When Social Media Becomes an Oxymoron, Part II: Student Free Speech and Substantial Disruption

Student social media use has resulted in school concerns regarding harassment (particularly, cyberbullying), creation of a substantial disruption or material interference in the school, and a marked increase in what may be termed “true threats,” this latter topic the focus of this article.

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AGs Demand Answers from Facebook

As the chief law enforcement officers of our respective states, we place a priority on protecting user privacy, which has been repeatedly placed at risk because of businesses’ failure to properly ensure those protections.

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Social Media for Your Attorney General’s Office

This course covers writing great tweets, livestreaming and producing videos, designing graphics, understanding analytics, and more. The presenter discusses how to handle social media for an attorney general office, how to grow your monthly Facebook reach and Twitter impressions, and answer social media questions.

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Attorneys General Raise Concern About Illegal Alcohol Sales Online

Social media and digital platforms have become interwoven into the fabric of our society. Consumers have become increasingly dependent on the broad access to goods for sale through these mediums. Unfortunately, the near unlimited access to goods has increasingly exposed consumers, including minors, to unlicensed sales of alcohol and counterfeit products. We are seeking your assistance to address some of the challenges to consumer protection associated with online marketplaces and to improve the legitimacy of these sales.

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Notice Issues in the Age of Social Media

Read carefully, Mullane requires that courts must constantly examine the methods of notice they are using and rethink their approach to giving notice.

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When Social Media Becomes an Oxymoron, Part I: Free Speech, True Threats, & “Just Kidding”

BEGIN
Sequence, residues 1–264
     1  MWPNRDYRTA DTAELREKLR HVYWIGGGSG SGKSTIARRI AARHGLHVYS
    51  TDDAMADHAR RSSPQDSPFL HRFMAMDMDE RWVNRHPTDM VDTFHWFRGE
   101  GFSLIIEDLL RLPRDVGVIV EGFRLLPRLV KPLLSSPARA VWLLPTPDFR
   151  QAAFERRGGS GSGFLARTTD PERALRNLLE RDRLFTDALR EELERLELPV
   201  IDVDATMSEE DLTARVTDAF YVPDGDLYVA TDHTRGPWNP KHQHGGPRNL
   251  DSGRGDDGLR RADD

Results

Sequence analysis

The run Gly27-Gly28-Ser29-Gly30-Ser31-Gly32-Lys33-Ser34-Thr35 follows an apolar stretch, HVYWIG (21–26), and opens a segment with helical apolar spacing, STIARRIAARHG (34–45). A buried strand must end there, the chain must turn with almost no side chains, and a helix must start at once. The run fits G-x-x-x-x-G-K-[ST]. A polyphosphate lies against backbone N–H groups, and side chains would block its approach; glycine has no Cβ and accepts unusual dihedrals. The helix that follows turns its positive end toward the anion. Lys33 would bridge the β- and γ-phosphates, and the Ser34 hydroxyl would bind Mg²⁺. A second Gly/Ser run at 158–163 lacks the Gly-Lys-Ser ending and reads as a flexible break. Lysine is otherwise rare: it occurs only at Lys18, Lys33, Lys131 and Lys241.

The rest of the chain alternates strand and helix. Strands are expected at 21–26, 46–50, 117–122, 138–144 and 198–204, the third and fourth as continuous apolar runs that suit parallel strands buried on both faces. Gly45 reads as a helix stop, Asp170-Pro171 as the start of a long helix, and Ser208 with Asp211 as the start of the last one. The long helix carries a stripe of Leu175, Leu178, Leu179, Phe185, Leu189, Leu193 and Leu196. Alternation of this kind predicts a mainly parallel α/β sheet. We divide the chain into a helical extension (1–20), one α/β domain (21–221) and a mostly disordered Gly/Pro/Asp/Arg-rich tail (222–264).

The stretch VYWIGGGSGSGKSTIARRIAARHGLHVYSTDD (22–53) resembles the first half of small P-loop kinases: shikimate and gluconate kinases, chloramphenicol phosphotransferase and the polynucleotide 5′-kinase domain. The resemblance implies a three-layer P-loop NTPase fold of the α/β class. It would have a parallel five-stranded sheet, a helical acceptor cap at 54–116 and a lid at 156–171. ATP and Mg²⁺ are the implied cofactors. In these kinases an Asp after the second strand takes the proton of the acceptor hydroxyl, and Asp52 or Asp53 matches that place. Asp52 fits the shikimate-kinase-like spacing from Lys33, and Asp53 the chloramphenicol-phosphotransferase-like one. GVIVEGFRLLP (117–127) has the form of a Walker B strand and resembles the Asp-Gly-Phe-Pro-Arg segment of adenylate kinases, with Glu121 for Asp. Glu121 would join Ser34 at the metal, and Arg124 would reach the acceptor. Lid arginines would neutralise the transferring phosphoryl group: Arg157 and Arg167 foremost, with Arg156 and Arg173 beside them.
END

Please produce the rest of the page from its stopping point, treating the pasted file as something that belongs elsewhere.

With increased concerns over school security, public schools implementing state laws may find themselves running afoul of constitutional rights of students. This increasingly draws attorneys general into the fray. Social media use by students raises important questions as to whether or to what extent public schools may discipline students for threats posted on social media. The first in a two-part series.

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State AGs Demand Answers About Facebook User Privacy Policies and Practices

Washington, D.C. — The National Association of Attorneys General (NAAG) sent a letter today to Facebook Chief Executive Officer Mark Zuckerberg asking him to answer a series of questions about Facebook’s user privacy policies and practices following reports that at least 50 million Facebook personal profiles may have been misused. Reports allege that Facebook gave away…

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Social Media is the New Town Square: The Difficulty in Blocking Access to Public Accounts

Advising public officials on the use and misuse of social media must take into account constituents' First Amendment right to access and comment. Determining whether a social media post is "official" or "personal," determining how officials can limit comments, and learning platforms' methodology for limiting contacts are essential components to determine how this new "public space" for discussion can be regulated.

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Status Update on Authenticating Social Media Evidence: The Three Primary Approaches Applied Nationally

This article presents a detailed overview of the current and conflicting state of the law regarding authentication standards for admitting social networking records.

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Ethics Corner: Avoiding Ethical Pitfalls in Using Social Media

This is an ongoing column exploring various ethical topics relevant to attorneys general and other government attorneys. Look for the Ethics Corner in each issue of the quarterly NAGTRI Journal.

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